Trump gives 'last chance' ultimatum on Iran nuclear deal

Trump gives 'last chance' ultimatum on Iran nuclear deal
By Euronews
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The US President has threatened to walk away from the landmark 2015 accord unless 'terrible flaws' in it are fixed.


Waiving sanctions on Iran for what he says is the final time, President Donald Trump has warned that unless 'terrible flaws' in the 2015 nuclear deal are fixed, the United States will withdraw from it.

The ultimatum puts pressure on Europeans - key backers and parties to the international pact to curb Iran's nuclear programme – to satisfy Trump, who wants it strengthened with a separate agreement within 120 days.

In a statement, he told them: "This is a last chance" and said that if his warning goes unheeded, Washington will not again waive sanctions in order to stay in the accord.

Trump has called the deal "the worst ever". He wants a more aggressive approach to Iran over its nuclear and ballistic missile programmes.

Iranian Foreign Minister Mohammad Javad Zarif responded, saying that the deal is not renegotiable and that Trump's stance amounts to "desperate attempts to undermine a solid multilateral agreement".

On Thursday Britain, France and Germany urged Trump to uphold the pact.

The EU said in a statement on Friday that it had taken note of Trump’s decision and would assess its implications.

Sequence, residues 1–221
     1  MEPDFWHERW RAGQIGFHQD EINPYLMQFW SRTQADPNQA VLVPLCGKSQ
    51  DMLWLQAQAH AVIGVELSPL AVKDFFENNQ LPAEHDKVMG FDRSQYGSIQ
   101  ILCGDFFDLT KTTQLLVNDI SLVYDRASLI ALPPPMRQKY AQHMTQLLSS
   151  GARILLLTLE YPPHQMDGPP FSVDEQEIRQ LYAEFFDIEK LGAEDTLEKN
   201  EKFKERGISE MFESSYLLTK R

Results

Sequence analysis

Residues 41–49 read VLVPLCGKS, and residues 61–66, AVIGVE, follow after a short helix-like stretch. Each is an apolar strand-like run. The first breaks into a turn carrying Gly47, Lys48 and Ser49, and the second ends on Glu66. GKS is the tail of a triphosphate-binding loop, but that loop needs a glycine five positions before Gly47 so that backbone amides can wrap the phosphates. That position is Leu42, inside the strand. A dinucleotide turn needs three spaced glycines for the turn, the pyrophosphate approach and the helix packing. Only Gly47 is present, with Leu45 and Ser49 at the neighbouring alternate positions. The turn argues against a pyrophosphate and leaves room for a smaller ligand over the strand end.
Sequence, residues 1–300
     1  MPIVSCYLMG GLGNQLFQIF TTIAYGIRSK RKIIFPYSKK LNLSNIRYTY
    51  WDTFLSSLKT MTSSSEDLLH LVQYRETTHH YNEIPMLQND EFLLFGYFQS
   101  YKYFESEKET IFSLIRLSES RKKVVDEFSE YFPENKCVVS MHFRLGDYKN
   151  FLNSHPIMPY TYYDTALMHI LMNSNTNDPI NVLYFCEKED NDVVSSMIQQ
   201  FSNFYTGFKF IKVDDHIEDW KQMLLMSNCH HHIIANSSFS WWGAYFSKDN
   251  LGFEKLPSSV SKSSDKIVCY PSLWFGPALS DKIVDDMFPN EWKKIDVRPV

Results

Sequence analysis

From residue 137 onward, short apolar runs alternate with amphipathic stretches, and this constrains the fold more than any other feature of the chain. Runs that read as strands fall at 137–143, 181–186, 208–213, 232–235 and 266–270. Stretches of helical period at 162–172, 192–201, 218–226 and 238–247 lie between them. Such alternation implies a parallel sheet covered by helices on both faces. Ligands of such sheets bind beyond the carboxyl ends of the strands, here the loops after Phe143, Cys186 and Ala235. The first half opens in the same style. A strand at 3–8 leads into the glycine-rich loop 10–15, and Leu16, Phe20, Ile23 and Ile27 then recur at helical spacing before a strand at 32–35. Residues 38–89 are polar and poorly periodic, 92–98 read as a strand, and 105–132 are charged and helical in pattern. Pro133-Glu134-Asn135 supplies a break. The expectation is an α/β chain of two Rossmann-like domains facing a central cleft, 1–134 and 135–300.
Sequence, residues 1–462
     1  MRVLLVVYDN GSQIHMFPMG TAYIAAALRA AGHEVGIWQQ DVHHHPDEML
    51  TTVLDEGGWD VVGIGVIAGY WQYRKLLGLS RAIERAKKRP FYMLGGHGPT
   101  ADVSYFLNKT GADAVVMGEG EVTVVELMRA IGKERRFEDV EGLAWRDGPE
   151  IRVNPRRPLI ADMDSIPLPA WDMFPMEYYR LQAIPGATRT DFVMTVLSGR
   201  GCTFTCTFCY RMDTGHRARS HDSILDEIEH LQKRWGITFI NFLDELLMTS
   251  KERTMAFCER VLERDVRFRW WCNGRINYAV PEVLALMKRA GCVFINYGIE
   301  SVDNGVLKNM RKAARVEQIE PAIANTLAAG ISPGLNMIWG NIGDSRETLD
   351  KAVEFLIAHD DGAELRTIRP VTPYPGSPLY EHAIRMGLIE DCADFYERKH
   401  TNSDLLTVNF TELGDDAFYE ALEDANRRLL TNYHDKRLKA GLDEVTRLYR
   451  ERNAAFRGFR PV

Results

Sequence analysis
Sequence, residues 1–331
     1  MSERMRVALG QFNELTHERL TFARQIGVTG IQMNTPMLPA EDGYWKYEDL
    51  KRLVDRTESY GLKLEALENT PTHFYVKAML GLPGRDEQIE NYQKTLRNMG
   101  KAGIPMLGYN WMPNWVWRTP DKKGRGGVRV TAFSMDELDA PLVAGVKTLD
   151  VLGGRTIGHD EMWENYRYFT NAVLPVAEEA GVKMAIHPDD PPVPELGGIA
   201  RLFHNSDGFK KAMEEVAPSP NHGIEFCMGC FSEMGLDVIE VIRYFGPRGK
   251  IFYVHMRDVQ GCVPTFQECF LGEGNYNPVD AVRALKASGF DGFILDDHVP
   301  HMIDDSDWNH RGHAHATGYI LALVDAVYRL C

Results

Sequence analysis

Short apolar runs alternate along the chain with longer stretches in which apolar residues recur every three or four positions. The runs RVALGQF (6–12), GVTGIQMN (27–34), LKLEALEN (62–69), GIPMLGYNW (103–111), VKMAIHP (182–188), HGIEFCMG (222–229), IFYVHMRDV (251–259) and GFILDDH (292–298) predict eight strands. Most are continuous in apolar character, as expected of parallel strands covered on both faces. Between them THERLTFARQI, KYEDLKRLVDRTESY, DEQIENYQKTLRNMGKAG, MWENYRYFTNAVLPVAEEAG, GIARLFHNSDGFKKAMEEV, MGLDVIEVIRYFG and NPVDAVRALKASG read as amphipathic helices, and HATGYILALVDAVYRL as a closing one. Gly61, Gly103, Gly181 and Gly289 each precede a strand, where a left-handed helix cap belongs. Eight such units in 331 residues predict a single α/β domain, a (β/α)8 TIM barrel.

Germany said it remains committed to the "continued full implementation of the agreement" but would "talk to our European partners about next steps".

Underscoring the difficulty now facing Europeans, a European diplomat, speaking under condition of anonymity, said: "It's going to be complicated to save the deal after this".

Iran insists its nuclear programme is only for peaceful purposes. It says it will stick to the agreement as long as the other signatories respect it but will “shred” it if Washington pulls out.

Hailed by former US President Barack Obama as key to stopping Iran from building a nuclear bomb, the deal lifted economic sanctions in exchange for Tehran limiting its nuclear programme but Trump has argued that Obama negotiated a bad deal.

The US Congress requires the president to decide periodically whether to certify Iran’s compliance with the deal and issue a waiver to allow US sanctions to remain suspended.

Trump in October chose not to certify compliance and warned he might ultimately terminate the accord. He accused Iran of “not living up to the spirit” of the agreement even though the International Atomic Energy Agency says Tehran is complying.

While Trump approved the sanctions waiver, the Treasury Department announced new, targeted sanctions against 14 entities and people, including the head of Iran's judiciary, Sadeq Amoli Larijani, a close ally of Iran’s Supreme Leader Ayatollah Ali Khamenei.

*with Reuters *

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